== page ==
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The Book of Dreams and Ghosts by Andrew Lang online

The Book of Dreams and Ghosts by Andrew Lang


"'The day after, being Friday, we convened about thirty or forty men and went to the Isle, and broke up the ground in many places, searching for the bones, but we found nothing.

"'On Wednesday the 23rd December, about twelve o'clock, when I was in my bed, I heard a voice but saw nothing; the voice said, "Come away". {149b} Upon this I rose out of my bed, cast on my coat and went to the door, but did not see it. And I said, "In the name of God, what do you demand of me now?" It answered, "Go, take up these bones". I said, "How shall I get these bones?" It answered again, "At the side of a withered bush, {150} and there are but seven or eight of them remaining". I asked, "Was there any more guilty of that action but you?" It answered, "No". I asked again, "What is the reason you trouble me?" It answered, "Because you are the youngest". Then said I to it, "Depart from me, and give me a sign that I may know the particular spot, and give me time". [Here there is written on the margin in a different hand, "You will find the bones at the side of a withered bush. There are but eight of them, and for a sign you will find the print of a cross impressed on the ground."] On the morrow, being Thursday, I went alone to the Isle to see if I could find any sign, and immediately I saw both the bush, which was a small bush, the greatest stick in it being about the thickness of a staff, and it was withered about half-way down; and also the sign, which was about a foot from the bush. The sign was an exact cross, thus X; each of the two lines was about a foot and a half in length and near three inches broad, and more than an inch deeper than the rest of the ground, as if it had been pressed down, for the ground was not cut. On the morrow, being Friday, I went and told my brother of the voice that had spoken to me, and that I had gone and seen the bush which it directed me to and the above-mentioned sign at it. The next day, being Saturday, my brother and I went, together with seven or eight men with us, to the Isle. About sun-rising we all saw the bush and the sign at it; and upon breaking up the ground just at the bush, we found the bones, viz., the chaft-teeth (jaw-teeth-molars) in it, one of the thigh bones, one of the shoulder blades, and a small bone which we supposed to be a collar bone, which was more consumed than any of the rest, and two other small bones, which we thought to be bones of the sword-arm. By the time we had digged up those bones, there convened about forty men who also saw them. The minister and Rychalzie came to the place and saw them.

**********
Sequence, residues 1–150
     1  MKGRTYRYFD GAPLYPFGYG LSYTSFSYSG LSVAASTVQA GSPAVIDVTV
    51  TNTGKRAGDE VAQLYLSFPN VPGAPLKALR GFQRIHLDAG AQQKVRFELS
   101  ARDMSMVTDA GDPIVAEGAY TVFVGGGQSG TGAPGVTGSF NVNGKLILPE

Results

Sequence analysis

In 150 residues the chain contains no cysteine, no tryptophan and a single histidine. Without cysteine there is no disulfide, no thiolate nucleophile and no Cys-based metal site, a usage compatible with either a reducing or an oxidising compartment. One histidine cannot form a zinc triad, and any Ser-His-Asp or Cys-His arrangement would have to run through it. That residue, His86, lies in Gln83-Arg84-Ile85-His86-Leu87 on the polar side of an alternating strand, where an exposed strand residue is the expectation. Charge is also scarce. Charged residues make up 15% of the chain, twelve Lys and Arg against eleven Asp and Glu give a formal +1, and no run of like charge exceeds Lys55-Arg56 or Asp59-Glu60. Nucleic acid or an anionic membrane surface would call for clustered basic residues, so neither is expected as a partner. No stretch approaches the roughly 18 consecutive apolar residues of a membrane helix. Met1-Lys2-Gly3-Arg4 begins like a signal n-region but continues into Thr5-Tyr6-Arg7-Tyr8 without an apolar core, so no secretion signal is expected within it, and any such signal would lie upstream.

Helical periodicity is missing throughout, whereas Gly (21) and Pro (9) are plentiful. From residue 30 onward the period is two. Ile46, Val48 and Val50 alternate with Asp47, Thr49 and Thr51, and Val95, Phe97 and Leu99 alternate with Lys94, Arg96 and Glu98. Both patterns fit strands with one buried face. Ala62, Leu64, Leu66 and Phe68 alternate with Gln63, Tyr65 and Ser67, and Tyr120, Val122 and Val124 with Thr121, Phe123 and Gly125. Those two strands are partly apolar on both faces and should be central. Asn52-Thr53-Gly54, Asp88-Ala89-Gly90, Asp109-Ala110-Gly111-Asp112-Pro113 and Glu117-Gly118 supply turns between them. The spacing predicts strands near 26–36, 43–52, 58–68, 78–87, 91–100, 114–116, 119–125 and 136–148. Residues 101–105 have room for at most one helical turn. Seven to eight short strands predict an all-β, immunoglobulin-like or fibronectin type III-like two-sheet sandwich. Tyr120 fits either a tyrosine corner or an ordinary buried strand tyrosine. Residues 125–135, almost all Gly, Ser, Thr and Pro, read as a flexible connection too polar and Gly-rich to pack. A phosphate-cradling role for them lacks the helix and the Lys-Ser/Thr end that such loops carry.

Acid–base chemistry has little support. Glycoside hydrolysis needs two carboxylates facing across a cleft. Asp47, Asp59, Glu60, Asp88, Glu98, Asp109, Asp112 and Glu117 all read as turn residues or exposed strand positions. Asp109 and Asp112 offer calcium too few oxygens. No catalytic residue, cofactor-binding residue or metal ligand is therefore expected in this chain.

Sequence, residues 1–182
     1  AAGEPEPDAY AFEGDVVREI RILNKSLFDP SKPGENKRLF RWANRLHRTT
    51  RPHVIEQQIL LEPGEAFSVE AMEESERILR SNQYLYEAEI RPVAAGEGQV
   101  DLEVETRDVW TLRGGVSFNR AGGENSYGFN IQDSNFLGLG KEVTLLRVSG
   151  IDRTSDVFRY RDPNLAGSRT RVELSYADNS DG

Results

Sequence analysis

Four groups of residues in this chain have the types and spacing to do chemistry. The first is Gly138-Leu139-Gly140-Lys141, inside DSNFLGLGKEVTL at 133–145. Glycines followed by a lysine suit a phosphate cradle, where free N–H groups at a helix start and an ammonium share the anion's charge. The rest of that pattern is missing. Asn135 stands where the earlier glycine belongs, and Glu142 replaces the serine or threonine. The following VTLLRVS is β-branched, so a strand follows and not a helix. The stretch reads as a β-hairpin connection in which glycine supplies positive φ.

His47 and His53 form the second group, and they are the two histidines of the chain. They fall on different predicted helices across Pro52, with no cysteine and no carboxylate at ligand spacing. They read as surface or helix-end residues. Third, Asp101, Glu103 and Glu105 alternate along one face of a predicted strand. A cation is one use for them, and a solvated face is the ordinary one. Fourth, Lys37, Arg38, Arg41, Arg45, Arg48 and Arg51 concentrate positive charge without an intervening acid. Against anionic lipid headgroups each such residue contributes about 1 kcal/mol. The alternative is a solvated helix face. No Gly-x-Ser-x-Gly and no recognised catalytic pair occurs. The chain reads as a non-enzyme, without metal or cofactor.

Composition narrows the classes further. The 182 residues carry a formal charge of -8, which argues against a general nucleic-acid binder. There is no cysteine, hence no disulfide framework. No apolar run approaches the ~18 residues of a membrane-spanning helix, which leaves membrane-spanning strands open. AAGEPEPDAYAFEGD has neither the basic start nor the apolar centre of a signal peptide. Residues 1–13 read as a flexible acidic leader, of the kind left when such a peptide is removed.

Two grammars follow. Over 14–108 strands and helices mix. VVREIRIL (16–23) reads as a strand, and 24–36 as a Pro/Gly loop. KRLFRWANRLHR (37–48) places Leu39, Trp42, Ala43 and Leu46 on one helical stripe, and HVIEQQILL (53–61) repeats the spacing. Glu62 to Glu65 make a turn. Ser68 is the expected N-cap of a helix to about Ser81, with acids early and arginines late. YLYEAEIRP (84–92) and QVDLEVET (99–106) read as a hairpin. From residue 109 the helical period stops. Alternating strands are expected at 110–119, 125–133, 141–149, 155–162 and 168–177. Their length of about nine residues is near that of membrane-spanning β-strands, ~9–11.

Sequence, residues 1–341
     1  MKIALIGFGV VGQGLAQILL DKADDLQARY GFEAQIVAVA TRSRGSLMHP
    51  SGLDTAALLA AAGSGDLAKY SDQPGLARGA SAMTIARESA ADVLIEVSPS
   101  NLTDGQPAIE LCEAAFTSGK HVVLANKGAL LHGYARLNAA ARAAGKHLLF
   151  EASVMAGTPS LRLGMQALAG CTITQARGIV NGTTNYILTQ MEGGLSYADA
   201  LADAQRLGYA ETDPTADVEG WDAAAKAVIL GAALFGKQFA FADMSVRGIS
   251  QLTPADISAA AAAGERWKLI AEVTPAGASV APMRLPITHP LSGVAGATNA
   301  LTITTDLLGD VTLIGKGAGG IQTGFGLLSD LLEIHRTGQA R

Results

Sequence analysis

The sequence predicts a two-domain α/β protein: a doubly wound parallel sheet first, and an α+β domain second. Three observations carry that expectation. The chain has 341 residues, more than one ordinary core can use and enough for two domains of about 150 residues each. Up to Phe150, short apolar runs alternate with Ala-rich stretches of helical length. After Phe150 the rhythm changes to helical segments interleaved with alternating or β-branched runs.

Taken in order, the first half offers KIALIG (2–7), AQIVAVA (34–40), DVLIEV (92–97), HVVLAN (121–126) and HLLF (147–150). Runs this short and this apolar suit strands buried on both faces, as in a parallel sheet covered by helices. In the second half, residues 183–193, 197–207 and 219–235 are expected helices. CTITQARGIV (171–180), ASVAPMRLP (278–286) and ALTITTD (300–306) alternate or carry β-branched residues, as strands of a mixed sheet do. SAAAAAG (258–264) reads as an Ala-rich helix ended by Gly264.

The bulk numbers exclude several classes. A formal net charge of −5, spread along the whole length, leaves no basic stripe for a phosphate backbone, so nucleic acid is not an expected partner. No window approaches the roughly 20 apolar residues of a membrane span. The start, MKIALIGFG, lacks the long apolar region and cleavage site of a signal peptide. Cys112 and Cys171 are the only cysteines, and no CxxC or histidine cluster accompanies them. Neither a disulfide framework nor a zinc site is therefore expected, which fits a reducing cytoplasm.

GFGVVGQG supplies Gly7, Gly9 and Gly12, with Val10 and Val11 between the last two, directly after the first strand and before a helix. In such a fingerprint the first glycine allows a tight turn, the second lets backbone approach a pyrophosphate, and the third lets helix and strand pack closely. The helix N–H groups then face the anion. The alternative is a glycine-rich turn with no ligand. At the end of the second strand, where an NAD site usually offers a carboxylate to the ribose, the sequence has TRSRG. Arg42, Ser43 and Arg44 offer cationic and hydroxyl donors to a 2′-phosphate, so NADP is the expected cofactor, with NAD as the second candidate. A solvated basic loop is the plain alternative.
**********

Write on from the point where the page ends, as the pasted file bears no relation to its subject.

"'We immediately sent to the other side of the water, to Claywhat, {151} to a wright that was cutting timber there, whom Claywhat brought over with him, who immediately made a coffin for the bones, and my wife brought linen to wrap them in, and I wrapped the bones in the linen myself and put them in the coffin before all these people, and sent for the mort-cloth and buried them in the churchyard of Blair that evening. There were near an hundred persons at the burial, and it was a little after sunset when they were buried.'"